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Logo of bmcgenoBioMed Centralsearchsubmit a manuscriptregisterthis articleBMC Genomics
BMC Genomics. 2007; 8: 77.
Published online Mar 16, 2007. doi:  10.1186/1471-2164-8-77
PMCID: PMC1839100

Allelotyping of pooled DNA with 250 K SNP microarrays



Genotyping technologies for whole genome association studies are now available. To perform such studies to an affordable price, pooled DNA can be used. Recent studies have shown that GeneChip Human Mapping 10 K and 50 K arrays are suitable for the estimation of the allele frequency in pooled DNA. In the present study, we tested the accuracy of the 250 K Nsp array, which is part of the 500 K array set representing 500,568 SNPs. Furthermore, we compared different algorithms to estimate allele frequencies of pooled DNA.


We could confirm that the polynomial based probe specific correction (PPC) was the most accurate method for allele frequency estimation. However, a simple k-correction, using the relative allele signal (RAS) of heterozygous individuals, performed only slightly worse and provided results for more SNPs. Using four replicates of the 250 K array and the k-correction using heterozygous RAS values, we obtained results for 104.141 SNPs. The correlation between estimated and real allele frequency was 0.983 and the average error was 0.046, which was comparable to the results obtained with the 10 K array. Furthermore, we could show how the estimation accuracy depended on the SNP type (average error for A/T SNPs: 0.043 and for G/C SNPs: 0.052).


The combination of DNA pooling and analysis of single nucleotide polymorphisms (SNPs) on high density microarrays is a promising tool for whole genome association studies.


To find new susceptibility loci for complex diseases on the human genome, a high number of case and control samples is required. An old approach with new perspective is the pooling of cases and controls. The larger the number of analyzed SNPs, the more striking are the advantages of a pooling study. With advanced microarray technology it is now possible to analyze SNPs throughout the whole genome. With the Human Mapping 500 K array set from Affymetrix and the BeadChips from Illumina, over 500,000 SNPs can be genotyped on two arrays. Different groups have tested the reliability of Affymetrix microarrays for pooling studies with either the 10 K array [1-6] or the 50 K array [7,8]. On these arrays, each SNP is interrogated by 40 probes (20 for the plus and 20 on the minus strand). On the 250 K arrays over 90% of the SNPs are represented by only 24 probes (some SNPs are only on the plus or the minus strand). This reduction of probes, as well as the reduction of the feature size from 18 μm (10 K), and 8 μm (50 K) to 5 μm (250 K) could have a negative influence on the outcome of pooling results. To examine if this is true, we tested the Nsp I 250 K array which represents 262.264 SNPs and is part of the 500 K array set. According to the Data Sheet from Affymetrix, over 85% of the human genome is covered by SNPs within 10 kb distance with this array set. If allelotyping of pooled DNA is feasible with these arrays, whole genome association studies including thousands of samples could be performed within a few weeks in a cost-effective manner.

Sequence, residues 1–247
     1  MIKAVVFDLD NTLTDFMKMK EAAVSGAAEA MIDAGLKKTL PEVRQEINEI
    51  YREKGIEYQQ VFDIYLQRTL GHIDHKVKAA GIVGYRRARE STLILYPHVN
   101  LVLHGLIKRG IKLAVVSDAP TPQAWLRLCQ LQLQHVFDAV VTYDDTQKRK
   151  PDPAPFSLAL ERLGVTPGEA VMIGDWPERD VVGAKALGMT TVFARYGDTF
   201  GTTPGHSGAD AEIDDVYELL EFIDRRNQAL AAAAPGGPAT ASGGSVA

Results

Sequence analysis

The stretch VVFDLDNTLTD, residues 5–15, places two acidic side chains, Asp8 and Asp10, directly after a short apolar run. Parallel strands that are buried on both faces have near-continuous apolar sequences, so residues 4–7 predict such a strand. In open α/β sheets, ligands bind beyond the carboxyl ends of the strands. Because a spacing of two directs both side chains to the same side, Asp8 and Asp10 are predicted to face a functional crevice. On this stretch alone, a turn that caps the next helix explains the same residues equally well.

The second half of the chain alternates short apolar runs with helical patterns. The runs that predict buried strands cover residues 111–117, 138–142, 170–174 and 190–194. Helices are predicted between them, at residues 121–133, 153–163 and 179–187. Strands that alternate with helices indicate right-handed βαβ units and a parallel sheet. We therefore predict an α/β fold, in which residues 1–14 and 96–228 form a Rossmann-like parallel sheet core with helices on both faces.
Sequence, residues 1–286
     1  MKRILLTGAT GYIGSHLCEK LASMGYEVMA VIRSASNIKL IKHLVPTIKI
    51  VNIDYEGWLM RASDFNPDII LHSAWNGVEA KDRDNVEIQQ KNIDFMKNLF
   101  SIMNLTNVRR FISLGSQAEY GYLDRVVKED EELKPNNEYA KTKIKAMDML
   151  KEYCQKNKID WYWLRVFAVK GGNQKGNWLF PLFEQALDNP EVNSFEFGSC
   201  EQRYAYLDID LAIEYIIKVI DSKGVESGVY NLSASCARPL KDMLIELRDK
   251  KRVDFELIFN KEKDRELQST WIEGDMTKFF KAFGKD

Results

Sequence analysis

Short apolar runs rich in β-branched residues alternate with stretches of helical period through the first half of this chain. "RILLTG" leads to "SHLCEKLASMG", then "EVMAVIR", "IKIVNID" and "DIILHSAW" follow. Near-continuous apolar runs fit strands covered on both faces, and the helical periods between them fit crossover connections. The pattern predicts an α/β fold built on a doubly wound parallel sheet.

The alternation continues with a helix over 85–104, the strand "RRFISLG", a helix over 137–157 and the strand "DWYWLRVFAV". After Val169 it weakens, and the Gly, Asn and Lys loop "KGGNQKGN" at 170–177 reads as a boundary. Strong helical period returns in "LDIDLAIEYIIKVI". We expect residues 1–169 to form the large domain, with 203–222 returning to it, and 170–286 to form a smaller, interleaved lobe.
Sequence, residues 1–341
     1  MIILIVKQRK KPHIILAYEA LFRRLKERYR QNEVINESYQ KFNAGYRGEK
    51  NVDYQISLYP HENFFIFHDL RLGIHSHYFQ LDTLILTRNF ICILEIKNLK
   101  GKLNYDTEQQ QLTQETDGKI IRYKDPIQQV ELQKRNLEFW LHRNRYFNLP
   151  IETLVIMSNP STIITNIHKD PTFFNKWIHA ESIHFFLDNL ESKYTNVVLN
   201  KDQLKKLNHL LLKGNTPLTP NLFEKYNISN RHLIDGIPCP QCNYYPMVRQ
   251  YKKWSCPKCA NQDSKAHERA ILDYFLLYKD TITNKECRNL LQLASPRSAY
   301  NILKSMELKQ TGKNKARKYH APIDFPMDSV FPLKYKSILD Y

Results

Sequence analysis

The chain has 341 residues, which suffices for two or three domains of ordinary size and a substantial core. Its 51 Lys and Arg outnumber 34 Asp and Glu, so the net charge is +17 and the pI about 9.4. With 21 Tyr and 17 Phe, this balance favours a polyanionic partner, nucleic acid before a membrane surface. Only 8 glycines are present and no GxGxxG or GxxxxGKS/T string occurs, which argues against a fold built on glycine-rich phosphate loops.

10 K array

To assess the measurement error in our lab, we estimated the allele frequency in a pool of 26 DNA samples previously genotyped in our lab with the 10 K array. We calculated the allele frequency with three methods (see Material and Methods). As reference data for the correction of unequal allele signals, we took either data generated in our lab ("our") or data from other labs ("web" or "brohede"). From 10,561 SNPs on the 10 K array, the allele frequency of 3,574 SNPs could be estimated with all three methods. In Table Table1,1, we show the mean and median error (absolute difference between known and estimated allele frequency), the correlation coefficient between known and estimated allele frequency, and the standard deviation (SD) between the four replicates. As expected, the estimates were better when using the reference data generated in our lab. The PPC method was the most accurate method with a mean error of 0.043. However, the k-correction with heterozygous RAS values gave only slightly worse results with an error of 0.046. In comparison with other methods the PPC is the only algorithm that uses only perfect match data. To elucidate if the k-correction can be improved by utilizing just perfect match data, we set all cell intensity values in the original cell files to zero. Then we derived a perfect-match-RAS and reanalyzed the data using the k-correction with heterozygous references. The resulting estimates gave an average error of 0.108. Applying a second degree polynomial on these perfect-match-RAS values could reduce the error to 0.054. However, for "normal" RAS values the second degree polynomial did not improve the error.

Table 1